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Figure 6. Neuronal Expression of Normal dMiro Reverses Defects of dmiro Mutant NMJs and Muscles (A) Neuron-specific (neu-dMiro) but not muscle-specific (mus-dMiro) expression of normal dMiro protein in dmiroB682 mutants restored a normal larval body size. UAS-dMiro transgenes containing a cDNA for the longest RNA splice form were driven with the neuronal elav- or the muscular 24B-Gal4 driver. (B) Neuron-specific (neu-dMiro) but not muscle-specific (mus-dMiro) expression of dMiro in dmiro mutants restored normal length for muscle 6. Significant differences are indicated (p < 0.05, n R10, n (larvae) R 5). Error bars indicate SEM. (C) Presynaptic expression of dMiro protein (pre dMiro) in dmiro mutants restored mitochondrial transport to larval nerve terminals. Images show MitoGFP fluorescence from larval NMJs 6/7 of control and dmiroB682 mutant larvae expressing dMiro with the elavGal4 driver. Note the abnormal accumulation of mitochondria in terminal boutons of “rescued” dmiro mutant NMJs. Scale bar, 20 ␮m. (D) Images showing higher magnification of “rescued” dmiro NMJs (as in [C]) that were triple-labeled to visualize mitochondria (MitoGFP, green), neuronal membranes (antiHRP, blue), and synapses (mAb NC82, red). Note that a disproportionate accumulation, as seen for mitochondria, is not observed for synapses. Scale bar, 10 ␮m. (E) Images of a “rescued” dmiro mutant NMJ (as in [C]) that was live-stained for mitochondria [DiOC2(5)] and double-labeled after fixation with anti-HRP and anti-acetylated tubulin antibodies. Scale bar, 10 ␮m. (F) Pre- but not postsynaptic expression of dMiro protein at dmiro mutant NMJs of muscle 6/7 reversed the lack of presynaptic MT loops. Significant differences between genotypes are indicated (p < 0.05, n R 30, n (larvae) R 5). Error bars indicate SEM.

dMiro Is Required Presynaptically, but Not Postsynaptically, at Larval NMJs It seemed likely that mitochondrial transport requires dMiro cell-autonomously. However, the structural defects of dmiro nerve terminals may have been caused by the loss of pre- or postsynaptic dMiro. To resolve this, we selectively expressed normal dMiro protein in either neurons or muscles of dmiro mutants, using two independent transgenes, which produced similar results. Remarkably, neuronal, but not muscular, expression of dMiro rescued the lethality of dmiro mutants, suggesting that dMiro activity is essential only for neuronal, but not for non-neuronal, function. In addition, neuronal, but not muscular, expression of dMiro restored normal larval body shape and muscle size (Figures 6A and 6B). Neuronal expression did not rescue the abnormal mitochondrial distribution and/or MT organization in dmiro mutant muscles (data not shown). Hence, the smaller body and muscle size of dmiro mutant larvae is not caused by muscle abnormalities, but by an abnormally functioning nervous system compromising the function of NMJs or neurosecretory terminals. Neuronal expression of dMiro in dmiro mutants restored vesicular (Figure S3B) and mitochondrial transport in neurons such that mitochondria were again present at synaptic terminals of NMJs (Figures 6C–6E) and in the neuropil of ventral ganglia (data not shown). Presynaptic expression also restored normal synaptic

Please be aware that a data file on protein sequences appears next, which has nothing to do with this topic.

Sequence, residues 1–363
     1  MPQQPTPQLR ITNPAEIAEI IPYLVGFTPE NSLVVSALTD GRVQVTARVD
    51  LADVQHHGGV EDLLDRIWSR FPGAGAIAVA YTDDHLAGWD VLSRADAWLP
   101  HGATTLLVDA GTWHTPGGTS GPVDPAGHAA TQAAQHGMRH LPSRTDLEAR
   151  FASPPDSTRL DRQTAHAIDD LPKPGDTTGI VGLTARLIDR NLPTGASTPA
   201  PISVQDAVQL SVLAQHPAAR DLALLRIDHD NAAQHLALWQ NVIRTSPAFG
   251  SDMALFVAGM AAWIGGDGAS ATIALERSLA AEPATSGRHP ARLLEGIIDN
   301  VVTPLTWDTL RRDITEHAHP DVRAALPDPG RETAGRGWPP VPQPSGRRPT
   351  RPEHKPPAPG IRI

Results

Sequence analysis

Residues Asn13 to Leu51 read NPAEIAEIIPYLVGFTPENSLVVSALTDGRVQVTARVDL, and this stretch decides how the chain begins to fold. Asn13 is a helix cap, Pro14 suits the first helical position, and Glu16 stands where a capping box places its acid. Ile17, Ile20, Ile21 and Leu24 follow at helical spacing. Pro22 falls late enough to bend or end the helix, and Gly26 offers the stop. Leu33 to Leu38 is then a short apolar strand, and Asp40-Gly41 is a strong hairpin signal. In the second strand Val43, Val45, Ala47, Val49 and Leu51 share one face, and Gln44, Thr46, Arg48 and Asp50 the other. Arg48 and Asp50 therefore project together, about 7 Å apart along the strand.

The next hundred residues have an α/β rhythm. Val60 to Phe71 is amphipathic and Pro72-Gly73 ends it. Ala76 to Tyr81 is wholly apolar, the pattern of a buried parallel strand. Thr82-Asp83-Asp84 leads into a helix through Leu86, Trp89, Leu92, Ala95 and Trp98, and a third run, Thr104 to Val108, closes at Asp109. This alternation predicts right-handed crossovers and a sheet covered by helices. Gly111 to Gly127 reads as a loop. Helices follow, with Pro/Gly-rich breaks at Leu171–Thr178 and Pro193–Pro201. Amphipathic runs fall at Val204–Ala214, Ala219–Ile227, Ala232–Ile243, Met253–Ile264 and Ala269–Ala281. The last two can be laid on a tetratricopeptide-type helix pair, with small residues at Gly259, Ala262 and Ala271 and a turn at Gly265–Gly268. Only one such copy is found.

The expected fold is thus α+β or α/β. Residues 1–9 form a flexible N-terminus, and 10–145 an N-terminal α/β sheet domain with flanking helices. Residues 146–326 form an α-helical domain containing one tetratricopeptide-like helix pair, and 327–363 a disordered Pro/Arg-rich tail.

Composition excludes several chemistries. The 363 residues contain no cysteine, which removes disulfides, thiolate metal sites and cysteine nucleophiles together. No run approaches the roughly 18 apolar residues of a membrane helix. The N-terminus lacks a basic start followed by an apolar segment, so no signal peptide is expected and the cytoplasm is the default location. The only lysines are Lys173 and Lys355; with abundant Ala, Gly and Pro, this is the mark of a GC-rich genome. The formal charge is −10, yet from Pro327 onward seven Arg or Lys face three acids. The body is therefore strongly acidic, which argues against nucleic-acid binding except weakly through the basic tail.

bouton structure and reversed the absence of presynaptic MT loops at NMJs (Figures 6D–6F). However, postsynaptic expression of dMiro in dmiro mutant muscles neither reversed the defects in mitochondrial transport of the presynaptic neuron (data not shown) nor affected the abnormal structure of synaptic boutons (data not shown) and presynaptic MTs (Figure 6F). Together, these data suggest that dMiro is required presynaptically to supply synaptic terminals with mitochondria and ensure normal structure of the NMJ. While presynaptic expression of dMiro restored mitochondrial transport to dmiro mutant nerve terminals, it did not lead to a normal distribution of mitochondria (Figures 6C–6E); mitochondria accumulated abnormally in the most distal synaptic bouton of each terminal branch and were present in reduced numbers in most of the remaining boutons. The abnormal accumulation was also observed for DiOC2(5)-labeled mitochondria (Figure 6E), confirming structural mitochondrial integrity. Overexpression of dMiro in control neurons showed a similar, excessive accumulation of mitochondria in the terminal bouton of axonal branches (data not shown), suggesting that this new phenotype is caused by a gain of dMiro activity. This gain-of-function phenotype was not observed for synaptic and cargo vesicles since neither synaptic vesicles (data not shown) nor synapses were abnormally distributed (Figure 6D). Hence, reducing or increasing dMiro activity alters the subcellular distribution of mitochondria such that abnormal mito-